Eating Earth

Some things are hidden in plain sight. That doesn’t make them any the less insidious. One such hidden truth is that the earth is of a finite size. Another is that, consequently, its resources are limited. Our species is easily led, as are most herd animals. Standing out can be embarrassing. Painful even. This is the recipe, along with a generous dash of greed, that has put us on the brink of worldwide catastrophe. We live in an unsustainable system, and some of the largest culprits are our appetites. As a fan of horror movies, I can honestly say Cowspiracy is the scariest movie I’ve seen in a long time. It’s a documentary, not genre fiction. Scientists had generally already thrown up their hands because we’ve passed the tipping point for global warming, and then we elected ourselves the stunning leadership of Donald Trump.

No one can predict exactly what form the collapse will take, but we’ve set the key factors in place. We’ve been warned for years. Cowspiracy demonstrates something we don’t want to admit—the agricultural lobby is extremely powerful and the least sustainable aspect of life on this planet is animal husbandry. In early civilization, where technology did not exist to support large-scale farming, meat was not a staple of the human diet. Families that could afford animals gained more value from their beasts alive than on the plate. And they had only a few. As mechanization increased in the last century, we made livestock valuable commodities. When I was a kid word on the street was you were even poorer than we were if you couldn’t eat meat every day. Humans were the absolute, if blind, masters of their own domain. Now agriculture is the single largest force of degradation of the environment on the planet. And nobody wants to listen.

Cowspiracy is not an easy movie to watch, even for a vegetarian of many years’ standing. So why watch it? Because our reliance on animal-based food is destroying our planet. Not slowly either. If this is true, why haven’t we heard of it? Kip Andersen and Keegan Kuhn spend an hour-and-a-half exploring that in this important film. While it can’t be fully summarized here, in a word it can be said: money. There’s huge money to be made in a business rightly called animal husbandry. Wedded to profits at the expense of the very soil that gives us life, we eat our way to the grave. And we do it even when technology has already offered viable alternatives. They are also hidden in plain sight.


PandorasSeedEvery once in a while I put down my work long enough to look at where we are. It’s often a frightening experience. Not many of us would be equipped to survive the collapse of civilization, despite the many television shows that depict such future anarchy. I suppose that’s why Spencer Wells’ Pandora’s Seed: Why the Hunter-Gatherer Holds the Key to Our Survival was such a compelling book. The more anthropological studies I read, the more clear it becomes that “civilization” has changed us about as much as evolution has. If not more. We have turned into something else, a creature of our own making. Wells demonstrates throughout the pages of this book how, with the first development of agriculture, we began on a track that has made us less healthy, less happy, and more dependent on technology than we have ever been. True, life as hunter-gatherers was never easy. Still, it is telling that they have much more free time than agriculturalists. And, as far as we can tell, they are better-adjusted. They are doing what we evolved to do.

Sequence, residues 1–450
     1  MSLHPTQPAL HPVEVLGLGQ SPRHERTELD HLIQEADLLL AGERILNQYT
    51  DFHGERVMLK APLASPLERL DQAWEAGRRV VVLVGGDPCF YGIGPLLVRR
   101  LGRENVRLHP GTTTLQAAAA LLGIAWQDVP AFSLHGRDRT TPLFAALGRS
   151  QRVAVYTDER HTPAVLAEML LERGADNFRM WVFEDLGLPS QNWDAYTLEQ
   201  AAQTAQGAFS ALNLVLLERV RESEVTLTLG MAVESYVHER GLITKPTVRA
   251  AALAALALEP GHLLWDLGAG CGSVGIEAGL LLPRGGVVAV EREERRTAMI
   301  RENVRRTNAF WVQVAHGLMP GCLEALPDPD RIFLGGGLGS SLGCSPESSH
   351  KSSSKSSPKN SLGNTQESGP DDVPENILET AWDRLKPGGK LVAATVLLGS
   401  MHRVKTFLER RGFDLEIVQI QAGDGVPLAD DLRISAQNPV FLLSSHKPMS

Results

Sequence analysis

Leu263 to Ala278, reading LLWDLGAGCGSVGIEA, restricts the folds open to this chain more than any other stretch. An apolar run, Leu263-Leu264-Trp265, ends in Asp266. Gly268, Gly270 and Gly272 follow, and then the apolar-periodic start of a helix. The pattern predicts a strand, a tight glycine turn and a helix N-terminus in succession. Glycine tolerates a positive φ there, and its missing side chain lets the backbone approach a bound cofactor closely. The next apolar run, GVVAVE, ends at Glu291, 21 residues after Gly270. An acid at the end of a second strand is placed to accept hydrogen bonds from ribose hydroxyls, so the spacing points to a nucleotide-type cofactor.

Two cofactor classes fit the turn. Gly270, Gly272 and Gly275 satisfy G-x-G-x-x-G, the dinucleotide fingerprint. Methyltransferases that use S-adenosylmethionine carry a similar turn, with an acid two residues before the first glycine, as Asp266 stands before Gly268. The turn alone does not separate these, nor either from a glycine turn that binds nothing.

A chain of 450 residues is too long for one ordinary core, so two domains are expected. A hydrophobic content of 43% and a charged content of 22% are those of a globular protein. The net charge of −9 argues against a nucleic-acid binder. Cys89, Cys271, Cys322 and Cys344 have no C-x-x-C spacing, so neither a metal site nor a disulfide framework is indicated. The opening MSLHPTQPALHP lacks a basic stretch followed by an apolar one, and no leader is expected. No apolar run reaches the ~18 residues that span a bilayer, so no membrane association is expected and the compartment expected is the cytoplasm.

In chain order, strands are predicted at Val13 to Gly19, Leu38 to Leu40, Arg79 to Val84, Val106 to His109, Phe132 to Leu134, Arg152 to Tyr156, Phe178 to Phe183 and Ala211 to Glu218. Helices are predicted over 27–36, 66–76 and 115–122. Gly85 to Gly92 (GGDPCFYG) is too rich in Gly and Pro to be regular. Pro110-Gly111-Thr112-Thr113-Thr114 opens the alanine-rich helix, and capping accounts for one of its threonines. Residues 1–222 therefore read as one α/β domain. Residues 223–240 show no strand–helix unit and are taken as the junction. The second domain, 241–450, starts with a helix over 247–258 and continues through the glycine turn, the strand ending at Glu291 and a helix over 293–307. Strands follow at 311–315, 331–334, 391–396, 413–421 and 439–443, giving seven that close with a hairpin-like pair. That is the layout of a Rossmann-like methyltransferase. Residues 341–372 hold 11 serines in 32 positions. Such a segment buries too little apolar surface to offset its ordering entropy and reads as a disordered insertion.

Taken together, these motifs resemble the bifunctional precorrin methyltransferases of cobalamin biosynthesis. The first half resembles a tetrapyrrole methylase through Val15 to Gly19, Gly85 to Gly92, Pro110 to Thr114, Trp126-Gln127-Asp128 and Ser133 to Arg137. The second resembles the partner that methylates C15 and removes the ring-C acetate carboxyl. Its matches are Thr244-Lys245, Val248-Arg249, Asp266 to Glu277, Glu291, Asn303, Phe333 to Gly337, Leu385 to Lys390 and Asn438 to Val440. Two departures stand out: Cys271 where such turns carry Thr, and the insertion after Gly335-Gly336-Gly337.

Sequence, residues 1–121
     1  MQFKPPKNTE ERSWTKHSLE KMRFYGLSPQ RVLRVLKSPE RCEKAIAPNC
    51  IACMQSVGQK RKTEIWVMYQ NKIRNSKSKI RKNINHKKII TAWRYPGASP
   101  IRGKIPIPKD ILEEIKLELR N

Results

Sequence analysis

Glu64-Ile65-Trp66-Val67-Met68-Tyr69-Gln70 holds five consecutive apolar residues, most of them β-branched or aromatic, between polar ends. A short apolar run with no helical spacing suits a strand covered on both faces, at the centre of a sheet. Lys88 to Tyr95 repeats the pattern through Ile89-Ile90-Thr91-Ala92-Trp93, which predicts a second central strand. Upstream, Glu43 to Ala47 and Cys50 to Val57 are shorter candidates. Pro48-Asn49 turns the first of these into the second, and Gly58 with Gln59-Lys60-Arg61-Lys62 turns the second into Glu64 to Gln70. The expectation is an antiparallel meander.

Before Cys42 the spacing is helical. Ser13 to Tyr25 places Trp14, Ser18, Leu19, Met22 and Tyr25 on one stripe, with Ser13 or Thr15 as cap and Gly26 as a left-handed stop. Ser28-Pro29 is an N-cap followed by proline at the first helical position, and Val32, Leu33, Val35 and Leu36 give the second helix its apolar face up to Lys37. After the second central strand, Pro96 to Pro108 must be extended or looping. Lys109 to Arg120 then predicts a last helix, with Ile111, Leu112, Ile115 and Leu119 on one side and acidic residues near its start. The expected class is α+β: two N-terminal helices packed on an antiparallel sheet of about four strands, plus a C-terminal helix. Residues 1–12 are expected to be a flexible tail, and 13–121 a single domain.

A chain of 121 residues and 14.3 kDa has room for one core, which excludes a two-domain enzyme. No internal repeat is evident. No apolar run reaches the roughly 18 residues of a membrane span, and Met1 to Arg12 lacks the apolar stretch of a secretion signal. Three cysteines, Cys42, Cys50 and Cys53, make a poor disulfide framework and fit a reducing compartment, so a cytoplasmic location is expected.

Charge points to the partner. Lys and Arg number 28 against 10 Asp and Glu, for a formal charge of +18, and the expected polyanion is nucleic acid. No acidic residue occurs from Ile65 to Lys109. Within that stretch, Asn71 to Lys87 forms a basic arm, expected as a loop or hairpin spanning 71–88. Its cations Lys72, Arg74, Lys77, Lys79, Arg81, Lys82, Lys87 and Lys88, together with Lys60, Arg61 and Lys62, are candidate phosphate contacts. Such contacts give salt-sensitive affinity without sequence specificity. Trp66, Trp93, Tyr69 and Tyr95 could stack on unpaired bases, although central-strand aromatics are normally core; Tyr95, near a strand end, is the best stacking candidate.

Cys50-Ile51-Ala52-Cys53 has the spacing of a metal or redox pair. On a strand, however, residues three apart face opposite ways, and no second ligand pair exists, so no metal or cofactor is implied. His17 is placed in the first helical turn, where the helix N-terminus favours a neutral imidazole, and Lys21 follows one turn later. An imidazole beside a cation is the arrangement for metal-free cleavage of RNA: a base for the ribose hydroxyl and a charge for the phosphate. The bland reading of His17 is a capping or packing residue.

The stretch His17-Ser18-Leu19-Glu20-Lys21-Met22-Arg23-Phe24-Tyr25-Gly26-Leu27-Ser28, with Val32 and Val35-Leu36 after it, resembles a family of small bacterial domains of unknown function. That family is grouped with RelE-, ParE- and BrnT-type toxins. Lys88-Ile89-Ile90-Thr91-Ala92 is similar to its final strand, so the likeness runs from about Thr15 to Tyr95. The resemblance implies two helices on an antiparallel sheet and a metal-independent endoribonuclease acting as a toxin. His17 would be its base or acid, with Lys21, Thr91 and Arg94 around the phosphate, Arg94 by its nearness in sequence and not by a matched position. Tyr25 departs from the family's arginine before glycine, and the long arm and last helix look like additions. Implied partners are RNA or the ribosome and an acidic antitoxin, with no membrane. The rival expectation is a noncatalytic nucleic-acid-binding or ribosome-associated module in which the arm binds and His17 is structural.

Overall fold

Addressing issues as diverse as from how our diet has changed to genetic engineering, Pandora’s Seed is a wide-ranging and fascinating book. It does show that technology far outraces ethics and our ability to figure out the proper response to complicated questions. We often lack the time to reason things out. And yet, we live in a world where mental illness is set to become the number two natural cause of death within this century. We are profoundly unhappy. We deny climate change although it’s evident all around us. We’ve put into place a global warming that will take a millennium to dissipate even if we stopped using fossil fuels today. We deny that it’s true, we go to dehumanizing jobs, and we eat food that’s not nutritious because it’s the kind we can afford. We lack time and motivation for exercise and disease takes hold. Such a lifestyle even affects our religion.

Tellingly, Wells’ last chapter deals with Fundamentalism. Noting that humans use both logos (logical) and mythos (mystical) thinking for a balanced view of things, fundamentalisms utilize a logos system to try to explain mythos. Violence often ensues. In order to be fully human we have to admit that rationality alone does not solve all our problems, or meet all of our needs. Some of what we require is simply not material. While Wells does not suggest reverting to hunter-gatherer lifestyles, he does suggest that the only solutions to a world of limited material goods (food, fossil fuels, fresh water) that the only way to make civilization sustainable is to learn to want less. Evolution predisposes us to gather more than we need, and certainly, to hear college career counselors talk, we have to want jobs that will bring in more, more, more. The world is becoming smaller, and people are demanding that the greed come to an end. Until that day perhaps the best solution for us all would be to take a walk in the woods and to remind ourselves how we came to be where we are.

To Thine Own Self

sexatdawnAmong the books that I would rate very important, Christopher Ryan and Cacilda Jethá’s Sex at Dawn would need to be on top, or nearly so. As I’ve often stated on this blog, religion and sex are very closely related. Every religion, in some way or another, intimates itself into sexuality. Like religious belief, however, it is something about which we blush, look at our feet, and politely change the subject. Perhaps it would be helpful to shift focus, then, to the subtitle: How We Mate, Why We Stray, and What It Means for Modern Relationships. Well, not even that reaches the depths to which this book plumbs. Ryan and Jethá actually peer back deep into prehistory and look at the changes that agricultural life brought onto humanity. Comparing that information to conclusions drawn from evolutionary theory and serious biological study, they derive a picture of a much more equitable culture for which humans clearly evolved. Agriculture, and just plain culture, changed all that.